Taste and See: Rich glory

Ascension Walsingham

The Second reading at Mass yesterday, Sunday, the feast of the Ascension, came from Paul’s letter to the Ephesians.

Paul speaks of the Easter event, Christ’s rising from the dead, his being seated at the right hand of the Father in Glory: an event in history and beyond history. He speaks of it as an event which shouts the rule of Christ, and an event which is our secured hope.

May the God of our Lord Jesus Christ, the Father of glory, give you a spirit of wisdom and perception of what is revealed, to bring you to full knowledge of him.

May he enlighten the eyes of your mind so that you can see what hope his call holds for you, what rich glories he has promised the saints will inherit and how infinitely great is the power that he has exercised for us believers.

This you can tell from the strength of his power at work in Christ, when he used it to raise him from the dead and to make him sit at his right hand, in heaven, far above every Sovereignty, Authority, Power, or Domination, or any other name that can be named not only in this age but also in the age to come. He has put all things under his feet and made him, as the ruler of everything, the head of the Church; which is his body, the fullness of him who fills the whole creation.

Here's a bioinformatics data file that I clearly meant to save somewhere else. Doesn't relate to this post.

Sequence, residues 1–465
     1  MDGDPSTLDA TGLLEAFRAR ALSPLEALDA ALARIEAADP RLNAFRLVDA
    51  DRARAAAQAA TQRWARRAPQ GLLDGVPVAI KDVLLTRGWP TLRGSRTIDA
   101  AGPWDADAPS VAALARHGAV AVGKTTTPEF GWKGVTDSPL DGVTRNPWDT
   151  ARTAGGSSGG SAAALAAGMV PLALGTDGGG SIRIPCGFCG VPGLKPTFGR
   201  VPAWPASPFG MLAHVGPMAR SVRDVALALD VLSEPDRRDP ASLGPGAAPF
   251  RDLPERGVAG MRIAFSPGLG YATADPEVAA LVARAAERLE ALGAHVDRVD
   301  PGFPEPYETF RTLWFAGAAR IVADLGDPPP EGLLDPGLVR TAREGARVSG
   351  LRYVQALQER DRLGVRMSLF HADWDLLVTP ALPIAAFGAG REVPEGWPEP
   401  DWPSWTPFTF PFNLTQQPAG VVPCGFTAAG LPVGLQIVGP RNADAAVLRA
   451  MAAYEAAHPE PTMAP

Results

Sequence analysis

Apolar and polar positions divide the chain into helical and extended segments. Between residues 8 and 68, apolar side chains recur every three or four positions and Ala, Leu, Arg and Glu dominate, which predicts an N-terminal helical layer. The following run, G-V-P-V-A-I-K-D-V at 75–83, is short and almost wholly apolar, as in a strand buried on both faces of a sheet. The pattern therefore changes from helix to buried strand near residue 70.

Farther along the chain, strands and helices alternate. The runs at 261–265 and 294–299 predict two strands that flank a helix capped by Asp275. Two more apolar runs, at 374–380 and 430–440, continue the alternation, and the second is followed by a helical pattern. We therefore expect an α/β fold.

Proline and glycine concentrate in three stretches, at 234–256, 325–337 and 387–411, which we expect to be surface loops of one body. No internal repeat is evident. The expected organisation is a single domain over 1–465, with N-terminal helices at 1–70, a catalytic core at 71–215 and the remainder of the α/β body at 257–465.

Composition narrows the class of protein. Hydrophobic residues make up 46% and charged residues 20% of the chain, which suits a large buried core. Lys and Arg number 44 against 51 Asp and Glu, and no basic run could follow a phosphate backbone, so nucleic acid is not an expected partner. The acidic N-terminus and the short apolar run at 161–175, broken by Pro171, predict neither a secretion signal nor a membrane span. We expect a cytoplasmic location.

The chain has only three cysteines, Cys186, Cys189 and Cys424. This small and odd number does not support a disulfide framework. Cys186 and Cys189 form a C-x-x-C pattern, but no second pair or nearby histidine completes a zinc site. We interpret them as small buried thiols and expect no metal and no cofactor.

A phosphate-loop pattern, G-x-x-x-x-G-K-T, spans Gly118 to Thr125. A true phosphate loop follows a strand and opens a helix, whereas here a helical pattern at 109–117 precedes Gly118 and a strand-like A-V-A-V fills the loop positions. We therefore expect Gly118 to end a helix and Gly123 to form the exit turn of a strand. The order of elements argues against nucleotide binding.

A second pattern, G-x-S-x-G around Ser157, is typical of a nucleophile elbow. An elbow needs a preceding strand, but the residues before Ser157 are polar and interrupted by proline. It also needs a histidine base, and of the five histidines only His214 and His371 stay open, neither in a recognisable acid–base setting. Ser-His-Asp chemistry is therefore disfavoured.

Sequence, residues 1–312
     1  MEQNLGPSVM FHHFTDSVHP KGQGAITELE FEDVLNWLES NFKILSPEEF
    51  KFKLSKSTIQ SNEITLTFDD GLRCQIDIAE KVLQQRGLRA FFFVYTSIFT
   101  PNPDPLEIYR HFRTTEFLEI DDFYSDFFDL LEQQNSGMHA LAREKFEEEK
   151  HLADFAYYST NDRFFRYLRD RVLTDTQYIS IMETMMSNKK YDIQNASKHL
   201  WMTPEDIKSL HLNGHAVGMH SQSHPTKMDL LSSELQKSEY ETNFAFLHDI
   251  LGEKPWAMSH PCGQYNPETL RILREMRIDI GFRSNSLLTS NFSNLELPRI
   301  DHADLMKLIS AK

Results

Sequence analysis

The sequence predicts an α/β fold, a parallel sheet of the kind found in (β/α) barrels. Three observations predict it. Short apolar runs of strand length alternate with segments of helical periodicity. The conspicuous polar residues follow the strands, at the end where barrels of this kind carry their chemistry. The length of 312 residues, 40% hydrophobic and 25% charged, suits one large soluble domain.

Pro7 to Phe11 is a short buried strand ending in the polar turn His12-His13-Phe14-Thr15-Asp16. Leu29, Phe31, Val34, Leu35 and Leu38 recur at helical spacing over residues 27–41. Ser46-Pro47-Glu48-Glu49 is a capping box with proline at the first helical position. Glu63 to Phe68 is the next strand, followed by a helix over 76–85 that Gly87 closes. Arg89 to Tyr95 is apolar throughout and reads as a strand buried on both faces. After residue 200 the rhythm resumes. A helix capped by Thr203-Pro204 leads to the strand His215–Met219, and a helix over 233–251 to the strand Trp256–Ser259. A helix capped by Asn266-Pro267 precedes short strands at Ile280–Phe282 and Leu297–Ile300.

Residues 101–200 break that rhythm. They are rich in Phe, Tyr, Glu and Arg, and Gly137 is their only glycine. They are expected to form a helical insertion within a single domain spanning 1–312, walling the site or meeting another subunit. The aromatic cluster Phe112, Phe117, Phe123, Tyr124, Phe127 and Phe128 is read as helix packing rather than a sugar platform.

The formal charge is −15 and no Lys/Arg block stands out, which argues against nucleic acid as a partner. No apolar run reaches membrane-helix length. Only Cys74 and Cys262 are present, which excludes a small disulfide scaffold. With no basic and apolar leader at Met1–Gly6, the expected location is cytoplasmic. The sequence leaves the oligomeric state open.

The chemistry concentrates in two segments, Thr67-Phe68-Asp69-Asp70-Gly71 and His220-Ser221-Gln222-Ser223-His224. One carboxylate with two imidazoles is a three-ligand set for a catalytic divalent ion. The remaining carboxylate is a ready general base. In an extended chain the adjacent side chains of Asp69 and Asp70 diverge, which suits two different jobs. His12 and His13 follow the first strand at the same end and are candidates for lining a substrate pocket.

Ephesians 1:17-23

Sometimes, as in the image above the Ascension is symbolised by two plaster feet dangling from a ceiling. That symbolism makes its point, but Paul has a broader, deeper, more profound perspective. It is about the reign of God. It is about salvation. And it is about the fulfilment of the potential of us, the restoration of us to right relationship with God.

  • What, in Christ, can we rise above?
  • To what, in Christ, can we confidently aspire?

 

The Ascension. Anglican Shrine at Walsingham. (c) 2003, Allen Morris

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